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Reusable nappies and wipes – why I encourage all new parents to make the switch

For literally hundreds of years (since the late 1500s at least), reusable nappies – or cloth versions thereof – were the mainstay of parents everywhere. That is, until 1947, when George M Schroder invented the first disposable nappy and changed the lives of millions of busy parents around the world.

No longer did stay-at-home mums have to boil and handwash countless nappies every day to keep up with demand (because, let’s face it, dads back then weren’t exactly hands-on when it came to baby admin). More mothers were able to take jobs or free up time for themselves. As innovations go, it really did positively impact the lives of so many.

And yet, at the time, few could have predicted the lasting damage this new piece of baby kit would have. When you consider that around 385,000 new babies are born every single day, disposable nappies and wipes have become a truly global crisis, and one which continues to contribute to the worsening health of our planet.

Not only does a standard nappy take around 450 years to biodegrade…globally, every minute, more than 300,000 disposable nappies are sent to landfill, incinerated or end up as environmental waste. On a daily basis, disposable wipes hit the headlines for blocking up sewage systems and waterways around the world. And that’s before you take into account the huge amount of energy, materials and water these products use in their manufacturing processes.

Whilst it’s true that new, more eco disposable nappies and biodegradable wipes are starting to appear on the market, the dent they are making is negligible. They’re still nowhere near as environmentally friendly as reusables, and don’t address the pressing issue of rising global waste.

Thankfully, with more of us now mindful of our personal carbon footprint and the amount of waste our families create every day, more and more parents today are going back to how it used to be, and shunning disposable nappies and wipes in favour of reusable, cloth alternatives.

I’m proud to say, I’m one of them.

After using disposable nappies and wipes for our first two children, we made the switch to reusables back in 2022 for our third. And I can honestly say it was the best parenting decision we’ve made.

Because reusable nappies are not only good for the planet…they’re good for parents and our babies too.

The many benefits of reusable nappies and wipes

  • Reusable nappies can be used over and over again for many years, without losing their effectiveness.
  • They are made from natural materials which are kinder to babies’ bottoms, reducing nappy rash.
  • You can increase and decrease they’re absorbency, depending on your baby, by adding extra cotton liners if needed, making them really efficient for long stretches without needing a nappy change (i.e. at night).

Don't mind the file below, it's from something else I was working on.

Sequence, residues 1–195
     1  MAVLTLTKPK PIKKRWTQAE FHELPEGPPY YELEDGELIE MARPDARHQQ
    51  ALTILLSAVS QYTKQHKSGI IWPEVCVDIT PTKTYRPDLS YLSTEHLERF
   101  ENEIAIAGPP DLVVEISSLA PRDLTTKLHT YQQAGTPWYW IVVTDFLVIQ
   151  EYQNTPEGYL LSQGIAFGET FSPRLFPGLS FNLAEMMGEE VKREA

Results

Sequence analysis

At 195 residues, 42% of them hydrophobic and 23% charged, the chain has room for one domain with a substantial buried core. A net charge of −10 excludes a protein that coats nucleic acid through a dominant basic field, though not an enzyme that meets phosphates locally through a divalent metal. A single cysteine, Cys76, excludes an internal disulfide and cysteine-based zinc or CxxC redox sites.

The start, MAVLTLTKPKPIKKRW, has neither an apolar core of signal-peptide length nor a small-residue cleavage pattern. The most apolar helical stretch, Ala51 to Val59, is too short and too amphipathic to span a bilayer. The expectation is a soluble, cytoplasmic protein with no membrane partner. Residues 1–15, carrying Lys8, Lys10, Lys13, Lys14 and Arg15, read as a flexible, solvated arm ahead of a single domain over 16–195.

• They are nowhere near as much of a hassle as we first thought, especially once you’ve got into a routine with them. To give some context, we do about three nappy washes per week, which is totally manageable (especially with both me and my wife sharing the load).
  • Despite costing more as an initial investment, over the years, we’ve saved literally hundreds of pounds that would otherwise have been spent on disposables.
  • They’re good value for money too. Most brands make a newborn size for tiny babies, and then a larger size with clever straps and poppers which adjust to fit babies from 3 to 18 months, meaning you won’t need to keep buying larger sizes as your baby grows.
  • Plus, they’re getting cheaper to buy every day, and there’s even a burgeoning second-hand market for reusable nappies, which just shows how much they retain their value and usefulness long term.
  • And when they are eventually disposed of, you can rest assured that they are completely biodegradable, minimizing their lasting impact on the environment.

In response to the naysayers, of course reusable nappies do require energy and water to make and wash, so aren’t completely climate neutral. But this is in no way comparable to the resources used to make, transport and discard of disposables around the world.

And yes, disposable nappies are still the more convenient option (which for many knackered parents is one of the most important deciding factors). But, from our experience, the small bit of extra work and planning needed to make the switch to reusable nappies is more than worth the benefits you get from them.

I firmly believe that cloth nappies and wipes are the way forward, and I would encourage every parent to give them a try.

My only regret is that we didn’t start sooner.

***

For more advice on pregnancy, birth and parenthood, my new book YOU THE DADDY: The Hands-on Dad’s Guide to Fatherhood, is OUT NOW to buy.

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